The diverse lineup included guitar virtuosos Joe Bonamassa and Robert Randolph, closing with a rocking set by George Thorogood.


Doheny Blues Fest 16 ranks as one of the greatest in the history of the annual event, with the range and power of so many of the performances drawing comparisons with the 2007 fest when Al Green and John Fogerty were the headliners.
But in terms of diversity, 2013's blues fest even had that year's running beat.
Guitar Shorty in action. Photo: Robert Kinsler
After a strong Saturday (May 18, 2013) capped by a performance from Ben Harper and Charlie Musselwhite, Sunday offered two great options at 11:30 a.m. I opted to catch Guitar Shorty on the Backporch first, where a huge crowd was on hand for the so-called "Hangover Set." The 73-year-old singer-guitarist pioneered a blistering style that influenced a number of guitarists in the 1950s and '60s, most notably Jimi Hendrix.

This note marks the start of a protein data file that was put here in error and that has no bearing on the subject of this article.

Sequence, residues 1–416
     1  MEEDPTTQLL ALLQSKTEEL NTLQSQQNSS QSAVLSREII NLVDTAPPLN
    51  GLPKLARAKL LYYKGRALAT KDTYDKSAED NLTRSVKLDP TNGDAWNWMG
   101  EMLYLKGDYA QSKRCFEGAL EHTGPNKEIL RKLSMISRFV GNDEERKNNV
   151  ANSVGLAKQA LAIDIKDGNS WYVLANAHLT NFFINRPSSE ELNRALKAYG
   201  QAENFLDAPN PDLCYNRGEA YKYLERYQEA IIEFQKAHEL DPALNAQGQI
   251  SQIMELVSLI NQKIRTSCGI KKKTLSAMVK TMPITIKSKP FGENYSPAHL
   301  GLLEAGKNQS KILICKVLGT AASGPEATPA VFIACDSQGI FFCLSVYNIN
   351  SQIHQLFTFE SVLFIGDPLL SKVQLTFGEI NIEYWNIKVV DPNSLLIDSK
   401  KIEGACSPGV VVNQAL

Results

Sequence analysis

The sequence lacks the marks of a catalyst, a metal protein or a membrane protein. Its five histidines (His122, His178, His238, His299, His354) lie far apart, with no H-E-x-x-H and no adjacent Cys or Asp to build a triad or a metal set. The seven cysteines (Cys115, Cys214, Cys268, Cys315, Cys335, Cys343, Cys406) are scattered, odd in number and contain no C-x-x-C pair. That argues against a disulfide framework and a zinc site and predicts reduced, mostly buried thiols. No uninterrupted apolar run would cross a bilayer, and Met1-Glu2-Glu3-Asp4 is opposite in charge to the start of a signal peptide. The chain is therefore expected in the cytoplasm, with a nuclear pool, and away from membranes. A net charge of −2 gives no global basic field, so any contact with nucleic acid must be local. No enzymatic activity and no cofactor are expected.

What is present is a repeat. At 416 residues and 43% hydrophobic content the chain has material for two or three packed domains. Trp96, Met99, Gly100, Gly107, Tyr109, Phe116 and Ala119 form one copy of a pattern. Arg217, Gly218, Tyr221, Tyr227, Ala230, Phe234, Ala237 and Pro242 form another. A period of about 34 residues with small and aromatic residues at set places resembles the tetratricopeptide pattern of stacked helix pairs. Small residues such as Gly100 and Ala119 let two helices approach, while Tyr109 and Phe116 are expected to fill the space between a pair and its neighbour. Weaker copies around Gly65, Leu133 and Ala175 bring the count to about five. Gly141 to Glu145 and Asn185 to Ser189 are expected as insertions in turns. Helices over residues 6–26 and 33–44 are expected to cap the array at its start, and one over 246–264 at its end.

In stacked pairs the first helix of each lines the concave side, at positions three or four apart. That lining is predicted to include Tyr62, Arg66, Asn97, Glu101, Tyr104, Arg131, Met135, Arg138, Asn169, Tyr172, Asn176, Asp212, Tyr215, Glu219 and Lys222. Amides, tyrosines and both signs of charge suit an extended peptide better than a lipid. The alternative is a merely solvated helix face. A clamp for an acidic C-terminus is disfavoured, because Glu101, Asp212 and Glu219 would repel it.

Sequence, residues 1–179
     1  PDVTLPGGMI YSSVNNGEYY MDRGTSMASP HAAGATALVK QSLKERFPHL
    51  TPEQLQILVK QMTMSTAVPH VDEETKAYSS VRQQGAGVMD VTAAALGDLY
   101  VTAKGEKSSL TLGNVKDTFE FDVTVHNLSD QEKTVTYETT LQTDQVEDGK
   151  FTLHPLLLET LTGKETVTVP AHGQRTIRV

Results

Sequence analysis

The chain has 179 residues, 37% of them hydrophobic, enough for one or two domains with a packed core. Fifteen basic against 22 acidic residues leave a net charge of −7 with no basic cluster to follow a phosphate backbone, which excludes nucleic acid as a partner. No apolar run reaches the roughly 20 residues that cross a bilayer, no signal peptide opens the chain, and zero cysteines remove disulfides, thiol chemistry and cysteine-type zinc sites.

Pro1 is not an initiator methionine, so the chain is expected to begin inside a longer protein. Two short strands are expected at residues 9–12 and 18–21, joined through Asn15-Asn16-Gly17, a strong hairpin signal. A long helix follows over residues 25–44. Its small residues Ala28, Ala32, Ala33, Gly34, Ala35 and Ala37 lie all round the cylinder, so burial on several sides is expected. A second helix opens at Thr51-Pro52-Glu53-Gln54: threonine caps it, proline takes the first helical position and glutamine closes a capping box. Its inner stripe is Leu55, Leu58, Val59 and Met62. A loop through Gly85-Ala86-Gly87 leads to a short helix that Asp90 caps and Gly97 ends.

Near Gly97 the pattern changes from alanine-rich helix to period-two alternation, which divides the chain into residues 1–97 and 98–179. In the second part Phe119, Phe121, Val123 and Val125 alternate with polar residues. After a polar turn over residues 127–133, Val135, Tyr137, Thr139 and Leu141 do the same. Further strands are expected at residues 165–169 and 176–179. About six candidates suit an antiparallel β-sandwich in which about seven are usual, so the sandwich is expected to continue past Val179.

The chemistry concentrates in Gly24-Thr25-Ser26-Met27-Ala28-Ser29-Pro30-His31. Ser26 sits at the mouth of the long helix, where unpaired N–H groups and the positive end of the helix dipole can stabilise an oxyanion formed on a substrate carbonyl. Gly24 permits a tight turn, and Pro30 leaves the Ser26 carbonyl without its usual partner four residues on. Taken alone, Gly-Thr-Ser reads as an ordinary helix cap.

As evidenced by the first half of his set, the Houston, native still has the ability to thrill. Using speedy runs as well as the various knobs and the whammy bar on his instrument he created all kinds of sound and effects in the support of solid vocal performance on an ambitious 15-minute version of "Too Late." He offered up many of his guitar theatrics while venturing out into the crowd.
I then ran over to the main Doheny Stage in time to catch 15 minutes of Gino Matteo and his five-member band. A strong singer and guitarist, he impressed with his blend of roots and blues styles.
Cindy Cashdollar. Photo: Robert Kinsler